- As the Federal Energy Regulatory Commission considers sweeping transmission rule changes, Commissioner Mark Christie said fixing the "chaos" of the interconnection process is a top priority for him and an issue that could be tackled early in the reform process.
- Interconnection reform could bring immediate benefits, partly by advancing proposed facilities that are close to being ready to move forward, Christie said Wednesday during the American Council on Renewable Energy's Virtual Grid Forum. That might mean letting projects with power purchase agreements, site control and financing move ahead of more speculative projects, he said.
- FERC might tackle reforms to transmission planning, cost allocation and grid interconnections in pieces instead of proposing a single rule, Elizabeth Salerno, the commission's lead on transmission and technology initiatives, said, noting the scope of the agency's effort is massive and there is "urgency to chip away at the block."
With FERC considering changes to its transmission rules, Christie said fixing the interconnection process could bring quick benefits, partly because work has already been done on the issue.
For the last several years, backlogs in interconnection queues have grown to 950 GW as proposed power projects — mainly solar, wind and storage — await the results of studies showing what transmission system upgrades are needed to bring the generating facilities online. The process of getting through the studies is complex and can take years, delaying and, in some cases, killing potential projects.
Christie, one of FERC's four sitting commissioners, said reforming the queue process is a priority for him.
"I think that it's something that we could do fairly early in the process, and I would hope we would, because I think it's the place where ... you can get immediate pain relief," Christie said. "If you look over the broad sweep of all the issues that are teed up, I think queue reform is something where there could be some real progress, because I think there's some ideas that would make the queue more rational. And let's face it, there are projects that are much more ready to go than others, and those projects shouldn't be held up."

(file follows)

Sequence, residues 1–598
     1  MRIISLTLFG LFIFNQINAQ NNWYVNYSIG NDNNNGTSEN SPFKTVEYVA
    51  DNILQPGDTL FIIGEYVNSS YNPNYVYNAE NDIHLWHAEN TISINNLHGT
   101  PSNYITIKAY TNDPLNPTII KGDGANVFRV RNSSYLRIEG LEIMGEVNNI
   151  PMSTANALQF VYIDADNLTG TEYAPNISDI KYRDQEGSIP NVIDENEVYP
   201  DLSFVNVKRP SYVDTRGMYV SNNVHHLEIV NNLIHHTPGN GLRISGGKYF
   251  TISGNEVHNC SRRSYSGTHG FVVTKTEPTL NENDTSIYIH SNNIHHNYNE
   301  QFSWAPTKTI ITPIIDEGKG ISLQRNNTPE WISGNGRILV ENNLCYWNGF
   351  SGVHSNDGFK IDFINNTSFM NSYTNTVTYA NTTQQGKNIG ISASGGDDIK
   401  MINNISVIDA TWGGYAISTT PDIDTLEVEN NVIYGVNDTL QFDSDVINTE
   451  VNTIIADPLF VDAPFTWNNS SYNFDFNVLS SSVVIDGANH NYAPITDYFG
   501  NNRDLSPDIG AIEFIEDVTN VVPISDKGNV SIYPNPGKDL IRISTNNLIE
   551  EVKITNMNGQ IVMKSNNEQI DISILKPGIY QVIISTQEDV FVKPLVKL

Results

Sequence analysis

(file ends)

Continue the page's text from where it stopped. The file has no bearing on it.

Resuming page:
It may make sense to let generation developers share the cost of required transmission upgrades instead of having the first project that comes online be solely responsible for those expenses, according to Christie.
Currently, the transmission system is effectively being built out via the grid interconnection process on a project-by-project basis, Salerno said, noting that responses to FERC's request for comments on its advanced notice of proposed rulemaking indicates broad support for a forward-looking, regional transmission planning approach.
That process would likely map out possible transmission plans that could help meet state and corporate energy goals as well as consumer demand, Salerno said.
Any new planning process needs to lead to stakeholder buy-in for new transmission projects, according to Salerno.
"Ultimately, people need to be on board with planning for these lines, selecting these lines to construct and then paying for these lines, and so the beginning step of how we plan really matters," Salerno said.
The current transmission planning process lacks adequate state and stakeholder participation, according to Danielle Fidler, an Earthjustice senior attorney. It also has incentives that lead utilities to build local projects instead of regional projects, Fidler said.
"The failure to plan ahead with the transmission system for the clean energy development to connect [to the grid] really threatens both the public policy requirements, but it also threatens reliability in the face of increasingly frequent extreme weather events and it really burdens customers with inefficient transmission," Fidler said.
Currently, transmission development involves a patchwork of federal, state and grid operator oversight, according to Shashank Sane, Invenergy executive vice president for transmission.
"I don't think it's realistic to think that we're going to move away from that patchwork approach," Sane said. "I think the key, though, is that all of those various constituents are working together and coming together to balance the needs of each party."
In a key aspect of FERC's transmission reform efforts, a joint task force with the National Association of Utility Regulatory Commissions (NARUC) meets on Nov. 10 for the first time.
"The joint federal-state task force with NARUC and the state commissions, it's a critical piece where you can have this dialogue with the states and understand the biggest challenges, possible solutions, and that can help inform a lot of things, but certainly inform this [transmission reform] process," Salerno said.